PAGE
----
What is sovereign immunity? Recently, we discussed both absolute immunity and qualified immunity. Each of these are specific forms of “sovereign immunity.” In today’s blog, we’ll flesh out what this legal doctrine means, and its relevant to you.
What is Sovereign Immunity?
First, according to the Legal Information Institute, sovereign immunity means that “the government cannot be sued without its consent.” In other words, a government “cannot commit a legal wrong and is immune to civil suit or criminal prosecution.”
Let’s break this down.
- Immune to civil suit – a head of State (i.e. the President or a state governor) cannot become a defendant in court proceedings. They have protection from civil prosecution.
- Immune to criminal prosecution (aka enforcement) – Since the government enforces the laws, it fundamentally has no way of enforcing laws against itself. Therefore, the government has immunity from legal enforcement.
Complications with Sovereign Immunity
Second, you might think, ‘That sounds like monarchy or fascism to me!’ After all, if a government and its leader(s) are immune to prosecution, how can they be held accountable?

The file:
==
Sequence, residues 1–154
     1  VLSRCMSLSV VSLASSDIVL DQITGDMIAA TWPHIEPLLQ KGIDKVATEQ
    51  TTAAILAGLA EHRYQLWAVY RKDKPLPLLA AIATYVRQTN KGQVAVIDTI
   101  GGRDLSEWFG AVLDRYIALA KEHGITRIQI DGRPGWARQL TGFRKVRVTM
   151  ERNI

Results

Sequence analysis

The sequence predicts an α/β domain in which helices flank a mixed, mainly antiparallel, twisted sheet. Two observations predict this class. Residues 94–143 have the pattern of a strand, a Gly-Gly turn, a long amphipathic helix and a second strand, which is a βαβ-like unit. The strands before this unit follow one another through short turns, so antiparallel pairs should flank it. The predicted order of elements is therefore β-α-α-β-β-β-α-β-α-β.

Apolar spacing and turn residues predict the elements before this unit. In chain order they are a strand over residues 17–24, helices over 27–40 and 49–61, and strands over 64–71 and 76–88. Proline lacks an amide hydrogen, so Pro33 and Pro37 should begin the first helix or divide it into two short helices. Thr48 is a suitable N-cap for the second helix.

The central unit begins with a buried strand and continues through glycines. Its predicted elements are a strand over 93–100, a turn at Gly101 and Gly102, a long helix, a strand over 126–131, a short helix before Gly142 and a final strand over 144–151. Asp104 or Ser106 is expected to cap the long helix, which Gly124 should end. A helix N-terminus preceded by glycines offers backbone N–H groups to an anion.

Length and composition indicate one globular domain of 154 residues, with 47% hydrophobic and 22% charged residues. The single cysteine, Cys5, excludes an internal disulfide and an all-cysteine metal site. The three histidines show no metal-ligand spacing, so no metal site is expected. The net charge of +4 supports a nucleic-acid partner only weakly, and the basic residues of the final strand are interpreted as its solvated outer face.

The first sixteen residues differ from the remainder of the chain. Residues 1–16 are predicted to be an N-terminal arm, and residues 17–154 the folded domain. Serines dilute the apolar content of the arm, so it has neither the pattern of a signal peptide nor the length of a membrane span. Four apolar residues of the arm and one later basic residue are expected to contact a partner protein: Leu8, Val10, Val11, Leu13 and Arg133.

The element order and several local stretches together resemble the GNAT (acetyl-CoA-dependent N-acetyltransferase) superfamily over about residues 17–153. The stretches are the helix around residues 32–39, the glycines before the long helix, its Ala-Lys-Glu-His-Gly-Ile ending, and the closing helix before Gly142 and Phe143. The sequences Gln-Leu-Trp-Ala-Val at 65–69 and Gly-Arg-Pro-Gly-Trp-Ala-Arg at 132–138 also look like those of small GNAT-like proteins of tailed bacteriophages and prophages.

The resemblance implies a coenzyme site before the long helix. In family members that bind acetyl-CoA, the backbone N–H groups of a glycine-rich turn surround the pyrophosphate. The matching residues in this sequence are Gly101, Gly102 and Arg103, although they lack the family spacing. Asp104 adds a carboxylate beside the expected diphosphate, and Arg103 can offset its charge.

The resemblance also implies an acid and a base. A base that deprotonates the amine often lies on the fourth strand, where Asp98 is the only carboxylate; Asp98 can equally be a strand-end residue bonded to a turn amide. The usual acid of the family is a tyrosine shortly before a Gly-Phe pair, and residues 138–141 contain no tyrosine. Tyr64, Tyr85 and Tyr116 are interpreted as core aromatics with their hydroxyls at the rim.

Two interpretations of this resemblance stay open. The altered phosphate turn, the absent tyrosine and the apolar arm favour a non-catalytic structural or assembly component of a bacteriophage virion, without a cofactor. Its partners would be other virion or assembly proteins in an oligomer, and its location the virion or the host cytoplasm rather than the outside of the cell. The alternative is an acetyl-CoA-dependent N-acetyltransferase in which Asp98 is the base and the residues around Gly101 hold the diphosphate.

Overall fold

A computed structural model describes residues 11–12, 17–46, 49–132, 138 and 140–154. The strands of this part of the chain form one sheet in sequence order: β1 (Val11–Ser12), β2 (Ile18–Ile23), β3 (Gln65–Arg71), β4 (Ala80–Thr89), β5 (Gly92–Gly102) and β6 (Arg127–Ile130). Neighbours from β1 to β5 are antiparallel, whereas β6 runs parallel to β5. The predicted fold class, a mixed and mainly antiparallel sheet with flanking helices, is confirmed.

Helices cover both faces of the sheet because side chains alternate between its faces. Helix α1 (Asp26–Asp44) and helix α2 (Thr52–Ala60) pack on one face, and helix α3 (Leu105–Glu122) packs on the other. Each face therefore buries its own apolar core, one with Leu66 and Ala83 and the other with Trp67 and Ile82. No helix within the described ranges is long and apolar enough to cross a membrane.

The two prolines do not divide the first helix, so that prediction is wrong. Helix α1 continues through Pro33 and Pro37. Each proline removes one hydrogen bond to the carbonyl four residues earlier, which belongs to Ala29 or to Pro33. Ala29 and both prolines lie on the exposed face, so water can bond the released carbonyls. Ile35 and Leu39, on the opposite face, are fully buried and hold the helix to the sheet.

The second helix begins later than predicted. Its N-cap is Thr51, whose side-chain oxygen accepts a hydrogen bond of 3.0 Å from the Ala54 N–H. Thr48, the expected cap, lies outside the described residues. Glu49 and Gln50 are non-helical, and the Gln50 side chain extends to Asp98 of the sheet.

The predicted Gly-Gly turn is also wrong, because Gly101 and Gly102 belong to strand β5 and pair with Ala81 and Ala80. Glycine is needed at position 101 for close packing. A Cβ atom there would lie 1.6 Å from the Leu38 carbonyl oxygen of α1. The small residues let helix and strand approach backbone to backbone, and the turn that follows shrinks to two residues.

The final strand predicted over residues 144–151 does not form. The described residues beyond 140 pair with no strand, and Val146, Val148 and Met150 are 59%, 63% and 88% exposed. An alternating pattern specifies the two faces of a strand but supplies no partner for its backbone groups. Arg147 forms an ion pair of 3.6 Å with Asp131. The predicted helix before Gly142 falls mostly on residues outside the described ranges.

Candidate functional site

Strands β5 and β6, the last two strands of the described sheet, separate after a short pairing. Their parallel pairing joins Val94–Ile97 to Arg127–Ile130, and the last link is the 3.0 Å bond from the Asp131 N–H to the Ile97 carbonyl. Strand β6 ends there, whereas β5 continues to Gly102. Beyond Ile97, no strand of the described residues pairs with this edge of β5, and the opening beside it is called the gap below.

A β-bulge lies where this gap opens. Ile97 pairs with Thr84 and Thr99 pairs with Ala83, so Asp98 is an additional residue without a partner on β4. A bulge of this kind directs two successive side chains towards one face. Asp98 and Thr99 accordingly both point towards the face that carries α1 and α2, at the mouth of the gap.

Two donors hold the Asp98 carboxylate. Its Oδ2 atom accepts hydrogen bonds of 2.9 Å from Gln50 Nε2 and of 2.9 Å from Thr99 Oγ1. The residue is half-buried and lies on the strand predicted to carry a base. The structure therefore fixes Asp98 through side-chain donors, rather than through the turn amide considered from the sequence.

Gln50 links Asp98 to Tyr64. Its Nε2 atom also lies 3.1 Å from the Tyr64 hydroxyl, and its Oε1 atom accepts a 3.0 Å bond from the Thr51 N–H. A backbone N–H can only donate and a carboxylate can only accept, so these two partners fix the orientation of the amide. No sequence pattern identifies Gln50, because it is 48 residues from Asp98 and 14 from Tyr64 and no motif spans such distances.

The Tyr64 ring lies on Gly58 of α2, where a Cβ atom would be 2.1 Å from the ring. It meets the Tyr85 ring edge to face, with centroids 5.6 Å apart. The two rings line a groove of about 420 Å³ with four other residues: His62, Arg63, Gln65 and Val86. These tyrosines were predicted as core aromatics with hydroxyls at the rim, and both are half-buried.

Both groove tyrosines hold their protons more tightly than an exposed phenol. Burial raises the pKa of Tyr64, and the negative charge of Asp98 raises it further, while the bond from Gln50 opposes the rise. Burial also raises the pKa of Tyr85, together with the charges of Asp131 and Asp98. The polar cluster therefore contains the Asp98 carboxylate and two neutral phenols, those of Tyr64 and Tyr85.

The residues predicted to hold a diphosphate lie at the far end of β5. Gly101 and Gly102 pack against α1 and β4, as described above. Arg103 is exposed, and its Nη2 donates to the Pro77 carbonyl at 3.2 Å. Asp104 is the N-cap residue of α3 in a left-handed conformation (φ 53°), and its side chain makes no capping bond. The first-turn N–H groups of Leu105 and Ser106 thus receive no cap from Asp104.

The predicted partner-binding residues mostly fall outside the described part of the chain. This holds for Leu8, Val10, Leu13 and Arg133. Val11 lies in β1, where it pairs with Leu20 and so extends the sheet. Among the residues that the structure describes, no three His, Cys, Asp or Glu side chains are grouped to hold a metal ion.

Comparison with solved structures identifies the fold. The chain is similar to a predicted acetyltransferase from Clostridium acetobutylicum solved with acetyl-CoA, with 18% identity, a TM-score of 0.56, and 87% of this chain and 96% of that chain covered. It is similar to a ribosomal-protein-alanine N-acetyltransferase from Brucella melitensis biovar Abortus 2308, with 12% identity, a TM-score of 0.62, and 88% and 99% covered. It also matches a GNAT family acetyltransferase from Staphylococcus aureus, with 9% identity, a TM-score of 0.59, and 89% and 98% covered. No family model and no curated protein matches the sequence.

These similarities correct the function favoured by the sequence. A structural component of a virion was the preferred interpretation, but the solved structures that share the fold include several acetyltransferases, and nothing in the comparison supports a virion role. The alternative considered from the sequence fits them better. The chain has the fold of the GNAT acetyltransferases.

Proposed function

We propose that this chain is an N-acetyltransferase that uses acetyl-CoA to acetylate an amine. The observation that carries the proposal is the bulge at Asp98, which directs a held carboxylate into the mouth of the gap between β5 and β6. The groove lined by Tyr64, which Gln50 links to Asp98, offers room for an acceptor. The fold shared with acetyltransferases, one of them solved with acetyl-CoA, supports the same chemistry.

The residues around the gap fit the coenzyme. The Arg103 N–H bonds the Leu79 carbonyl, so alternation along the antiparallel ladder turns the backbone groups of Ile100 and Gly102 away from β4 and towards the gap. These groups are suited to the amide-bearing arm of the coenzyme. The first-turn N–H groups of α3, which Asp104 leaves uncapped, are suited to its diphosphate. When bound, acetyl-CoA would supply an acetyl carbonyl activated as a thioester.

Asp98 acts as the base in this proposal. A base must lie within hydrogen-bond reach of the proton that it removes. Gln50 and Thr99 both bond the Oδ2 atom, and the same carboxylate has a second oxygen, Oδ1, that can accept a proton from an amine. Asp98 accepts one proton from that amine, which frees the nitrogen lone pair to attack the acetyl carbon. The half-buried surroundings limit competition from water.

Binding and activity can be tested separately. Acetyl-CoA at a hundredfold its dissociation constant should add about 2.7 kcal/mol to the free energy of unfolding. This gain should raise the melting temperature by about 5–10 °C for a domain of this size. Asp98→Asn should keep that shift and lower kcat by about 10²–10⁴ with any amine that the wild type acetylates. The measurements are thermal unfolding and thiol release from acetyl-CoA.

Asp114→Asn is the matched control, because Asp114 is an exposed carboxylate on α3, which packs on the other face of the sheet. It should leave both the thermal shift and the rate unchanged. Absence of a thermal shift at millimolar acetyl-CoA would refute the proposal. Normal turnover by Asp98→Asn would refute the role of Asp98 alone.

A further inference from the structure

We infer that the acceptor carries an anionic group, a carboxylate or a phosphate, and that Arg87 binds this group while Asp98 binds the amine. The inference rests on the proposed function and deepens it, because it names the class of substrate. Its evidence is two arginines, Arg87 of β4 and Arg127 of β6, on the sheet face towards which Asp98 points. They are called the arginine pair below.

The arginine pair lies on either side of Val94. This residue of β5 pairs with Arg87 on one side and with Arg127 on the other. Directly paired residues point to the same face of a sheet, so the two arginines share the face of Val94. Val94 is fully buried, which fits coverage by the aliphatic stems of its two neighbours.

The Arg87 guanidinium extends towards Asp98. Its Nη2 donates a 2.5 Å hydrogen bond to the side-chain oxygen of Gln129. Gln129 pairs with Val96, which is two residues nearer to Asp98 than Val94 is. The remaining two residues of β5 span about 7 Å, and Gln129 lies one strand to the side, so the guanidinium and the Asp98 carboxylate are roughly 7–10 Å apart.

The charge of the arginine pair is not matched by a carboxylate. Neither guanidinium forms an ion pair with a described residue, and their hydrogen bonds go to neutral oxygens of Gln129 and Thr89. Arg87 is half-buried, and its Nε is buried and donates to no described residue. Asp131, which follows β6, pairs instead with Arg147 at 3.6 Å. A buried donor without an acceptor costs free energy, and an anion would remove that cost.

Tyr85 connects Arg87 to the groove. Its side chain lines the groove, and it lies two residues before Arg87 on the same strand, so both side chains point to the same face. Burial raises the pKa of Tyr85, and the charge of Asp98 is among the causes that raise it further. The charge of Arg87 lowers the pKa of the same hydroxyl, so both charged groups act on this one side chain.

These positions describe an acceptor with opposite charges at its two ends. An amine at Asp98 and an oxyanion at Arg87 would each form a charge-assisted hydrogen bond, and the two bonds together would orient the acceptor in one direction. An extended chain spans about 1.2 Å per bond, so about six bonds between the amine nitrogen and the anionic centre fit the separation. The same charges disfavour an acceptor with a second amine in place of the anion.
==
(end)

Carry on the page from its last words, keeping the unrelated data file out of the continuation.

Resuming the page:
Consider Lex Rex by Samuel Rutherford, the ideas of John Locke, of Thomas Jefferson, and this quote from Barbie in Toy Story 3. “Governments are instituted among Men, deriving their just powers from the consent of the governed.” So, power comes from the people. Then we grant it to the government. Not the other way around.
The U.S. Constitution doesn’t give people laws they must follow, but rather gives the government laws they must follow. That’s the logic behind The Bill of Rights. The government is not immune from prosecution if it violates a person’s natural rights.
Sovereign Immunity and You
Third, how is this relevant? This is why it is essential to understand that the government cannot give you your rights. If the government has to give your rights to you, then you don’t have them inherently. If the government has to give your rights to you, then they’re justified in taking them away.
On the other hand, if people come “endowed by their Creator with certain unalienable Rights,” then we don’t need anyone to give us our rights. We already have them. The government’s job lies in protecting our rights from infringement – both by the government itself, and others.
But if so, how can sovereign immunity exist in America? The U.S. Constitution separates federal powers into different branches. Congress is meant to create laws; the President is meant to enforce those laws; and the Supreme Court handles the legal proceedings. They exist to hold one another accountable. In an ideal world, no government official holds absolute immunity forever. They can be held accountable for the laws the break. And that law can be enforced against them. At least, that’s how it’s supposed to work.